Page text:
This page displays Flood-MAR projects located throughout the state of California. Projects include managed aquifer recharge experiments in active agricultural fields and conservation areas, forecast-informed reservior operation, and more.

Map of California Flood-MAR Projects

Don Cameron has been planning and building an on-farm recharge basin storage system for more than five years. The system is comprised of three on-farm recharge basins, each having a
capacity of 50–60 acre-feet of water storage. These basins are unlined, which allow them to function as recharge basins while also serving as storage sites from which to convey on-farm recharge water to surrounding fields.

These two case studies – one on an almond orchard and the other on a wine grape vineyard – show how one grower adapts to different conditions and crops to achieve his recharge goals.

Arlan Thomas is an organic almond grower who was motivated to replenish
the overdrafted aquifer below his farm to save his well from drying up and to
prevent land subsidence. This farm was the subject of an in-depth study, On-Farm Flood Capture and Recharge at an Organic Almond Orchard, Recharge Rates and Soil Profile
Responses by Phil Bachand & Associates, Davis, California, and Tetra Tech,
Rancho Cordova, California (April 2017).

Three Turlock-area growers – Christine and Erich Gemperle, Eric Harcksen, and Eric Spycher – tried on-farm recharge on their almond orchards for the first time in 2023. These case studies include information on site conditions, water supply, soil health, on-farm recharge logistics, and recharge events.

Al Costa is a wine grape grower in the San Joaquin County who has participated in on-farm recharge since 2018. His 13.7-acre recharge site is very sandy, allowing the application of large volumes of water without harm to his crops.

Russel and Matt Efird grow raisins, almonds, walnuts, pistachios, and canning peaches in Fresno County, California. Groundwater levels on their farm have decreased 50 feet from 1992 through 2022. On-farm recharge can help to reverse groundwater overdrafting and cease land subsidence occurring in the subbasin.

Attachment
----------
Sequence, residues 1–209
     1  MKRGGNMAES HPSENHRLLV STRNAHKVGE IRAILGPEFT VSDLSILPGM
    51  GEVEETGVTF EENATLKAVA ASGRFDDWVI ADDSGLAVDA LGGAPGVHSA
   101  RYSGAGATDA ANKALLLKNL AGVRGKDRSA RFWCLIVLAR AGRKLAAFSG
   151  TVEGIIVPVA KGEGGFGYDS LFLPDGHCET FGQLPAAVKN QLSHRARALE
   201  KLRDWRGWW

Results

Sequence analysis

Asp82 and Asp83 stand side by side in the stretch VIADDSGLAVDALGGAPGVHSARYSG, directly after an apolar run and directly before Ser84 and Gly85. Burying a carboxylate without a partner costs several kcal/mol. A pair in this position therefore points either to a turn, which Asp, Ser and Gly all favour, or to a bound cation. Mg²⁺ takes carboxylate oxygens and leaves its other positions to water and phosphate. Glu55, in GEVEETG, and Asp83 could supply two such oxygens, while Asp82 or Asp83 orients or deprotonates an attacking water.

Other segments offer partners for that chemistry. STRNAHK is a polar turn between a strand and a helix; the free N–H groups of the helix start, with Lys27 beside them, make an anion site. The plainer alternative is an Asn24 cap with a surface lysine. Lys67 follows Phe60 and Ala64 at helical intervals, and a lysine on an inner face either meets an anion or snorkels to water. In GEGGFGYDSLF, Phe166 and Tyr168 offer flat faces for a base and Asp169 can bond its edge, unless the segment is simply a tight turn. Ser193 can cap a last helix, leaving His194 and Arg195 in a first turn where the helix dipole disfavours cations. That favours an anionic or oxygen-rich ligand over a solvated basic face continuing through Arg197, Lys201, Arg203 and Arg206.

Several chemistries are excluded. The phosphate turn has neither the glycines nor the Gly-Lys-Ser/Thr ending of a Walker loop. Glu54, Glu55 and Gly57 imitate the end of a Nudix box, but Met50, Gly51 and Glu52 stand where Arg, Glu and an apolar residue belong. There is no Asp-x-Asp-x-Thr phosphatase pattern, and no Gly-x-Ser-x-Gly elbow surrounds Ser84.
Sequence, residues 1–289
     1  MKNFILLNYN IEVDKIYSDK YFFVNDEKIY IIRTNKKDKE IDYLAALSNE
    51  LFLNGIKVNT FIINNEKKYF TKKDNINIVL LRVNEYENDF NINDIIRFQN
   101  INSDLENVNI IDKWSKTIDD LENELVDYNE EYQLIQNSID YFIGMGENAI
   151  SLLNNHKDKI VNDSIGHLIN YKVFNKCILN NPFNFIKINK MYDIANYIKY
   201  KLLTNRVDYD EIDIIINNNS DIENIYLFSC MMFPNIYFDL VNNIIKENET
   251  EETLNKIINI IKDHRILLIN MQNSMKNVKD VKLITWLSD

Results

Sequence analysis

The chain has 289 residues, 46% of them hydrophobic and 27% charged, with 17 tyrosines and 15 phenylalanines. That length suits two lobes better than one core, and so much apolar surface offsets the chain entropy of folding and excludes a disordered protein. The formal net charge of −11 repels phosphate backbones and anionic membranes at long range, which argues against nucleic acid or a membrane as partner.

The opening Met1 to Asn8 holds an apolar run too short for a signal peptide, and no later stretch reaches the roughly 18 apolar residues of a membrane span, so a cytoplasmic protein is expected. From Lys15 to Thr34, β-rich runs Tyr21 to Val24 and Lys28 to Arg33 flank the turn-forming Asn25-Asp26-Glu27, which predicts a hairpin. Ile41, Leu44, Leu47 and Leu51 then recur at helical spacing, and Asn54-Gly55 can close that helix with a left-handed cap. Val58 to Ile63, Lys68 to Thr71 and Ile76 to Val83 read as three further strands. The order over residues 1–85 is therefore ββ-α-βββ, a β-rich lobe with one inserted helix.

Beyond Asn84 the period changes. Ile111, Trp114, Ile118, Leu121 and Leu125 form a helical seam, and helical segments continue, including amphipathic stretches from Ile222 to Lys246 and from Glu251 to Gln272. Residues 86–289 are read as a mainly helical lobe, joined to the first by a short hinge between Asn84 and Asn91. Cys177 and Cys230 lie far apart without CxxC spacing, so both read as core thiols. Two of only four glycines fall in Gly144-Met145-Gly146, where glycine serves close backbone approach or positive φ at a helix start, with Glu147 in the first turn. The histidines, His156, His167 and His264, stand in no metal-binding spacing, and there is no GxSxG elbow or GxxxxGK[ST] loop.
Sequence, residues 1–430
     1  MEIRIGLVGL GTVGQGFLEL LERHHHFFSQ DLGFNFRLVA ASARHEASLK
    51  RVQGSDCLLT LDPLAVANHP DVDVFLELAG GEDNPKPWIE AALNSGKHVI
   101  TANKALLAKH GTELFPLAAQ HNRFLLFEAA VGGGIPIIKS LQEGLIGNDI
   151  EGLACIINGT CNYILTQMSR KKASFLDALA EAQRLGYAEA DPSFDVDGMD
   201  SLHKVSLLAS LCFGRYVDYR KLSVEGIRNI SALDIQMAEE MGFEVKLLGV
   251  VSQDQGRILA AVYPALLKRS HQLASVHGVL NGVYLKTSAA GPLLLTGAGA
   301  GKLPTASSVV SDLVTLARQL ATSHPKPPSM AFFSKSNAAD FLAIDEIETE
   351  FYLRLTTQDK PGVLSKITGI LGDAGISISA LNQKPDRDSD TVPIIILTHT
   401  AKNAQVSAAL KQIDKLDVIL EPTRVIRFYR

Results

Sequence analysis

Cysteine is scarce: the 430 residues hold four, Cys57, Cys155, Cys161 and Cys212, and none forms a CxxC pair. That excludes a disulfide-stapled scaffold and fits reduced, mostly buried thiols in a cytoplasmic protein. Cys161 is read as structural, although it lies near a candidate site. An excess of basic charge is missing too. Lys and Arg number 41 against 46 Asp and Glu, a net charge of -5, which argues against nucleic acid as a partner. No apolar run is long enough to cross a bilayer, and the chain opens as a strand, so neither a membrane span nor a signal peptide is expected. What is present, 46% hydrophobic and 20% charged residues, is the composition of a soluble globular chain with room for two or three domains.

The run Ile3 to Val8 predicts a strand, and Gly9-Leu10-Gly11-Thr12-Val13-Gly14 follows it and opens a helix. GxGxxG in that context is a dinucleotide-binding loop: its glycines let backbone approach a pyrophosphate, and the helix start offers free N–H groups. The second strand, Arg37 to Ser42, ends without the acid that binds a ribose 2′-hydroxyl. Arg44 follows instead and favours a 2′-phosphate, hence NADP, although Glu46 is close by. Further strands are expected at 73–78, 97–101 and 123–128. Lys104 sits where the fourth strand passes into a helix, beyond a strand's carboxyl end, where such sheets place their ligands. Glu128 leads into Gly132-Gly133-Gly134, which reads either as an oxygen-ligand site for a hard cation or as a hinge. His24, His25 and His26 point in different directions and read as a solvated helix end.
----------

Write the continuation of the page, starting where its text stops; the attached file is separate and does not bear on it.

This Chowchilla-area grower tried on-farm recharge on his almond fields for the first time in 2023. This case study includes information on site conditions, water supply, soil health, on-farm recharge logistics, and recharge events.

The Fairmead Groundwater Resilience Project, led by the County of Madera and their nonprofit partners, is designing and developing a plan for implementing a groundwater resilience project involving groundwater recharge and/or land repurposing efforts within the severely disadvantaged community of Fairmead, to buffer this area from the water security impacts of climate-induced drought.

Tulare Irrigation District winter irrigation activities doubled with the implementation of a groundwater allocation and tracking system.

Stormwater is an important source of water supply for Orange County. The Orange County Water District (OCWD) has been capturing and recharging stormwater in the Santa Ana River channel since 1936. Since Prado Dam was constructed by the US Army Corps of Engineers (USACE) in 1941, OCWD and the USACE have worked together to maximize the capture of stormwater behind the dam.

This project assesses pesticide residue leaching in response to agricultural groundwater recharge. To evaluate the risk of pesticide residue leaching, we 1) conducted a towed Transient ElectroMagnetic (towTEM) geophysical survey; 2) flooded an eight-acre section of a fallow field for eight days and monitored pesticide residue concentrations before, during, and after the recharge experiment; 3) performed a potassium bromide tracer test; and 4) are developing a pesticide fate and transport model.

Coyote Valley is a rural and natural area located at the southern edge of San Jose and is one of the last remaining undeveloped valley floors in the region. Approximately seven miles long and two miles wide, it is defined by the Diablo Range to the east and the Santa Cruz Mountains to the west. The valley is remarkable for its role connecting the ecosystems of the Santa Cruz Mountains with the rest of California, as well as its scenic beauty, rich biodiversity, prime farmland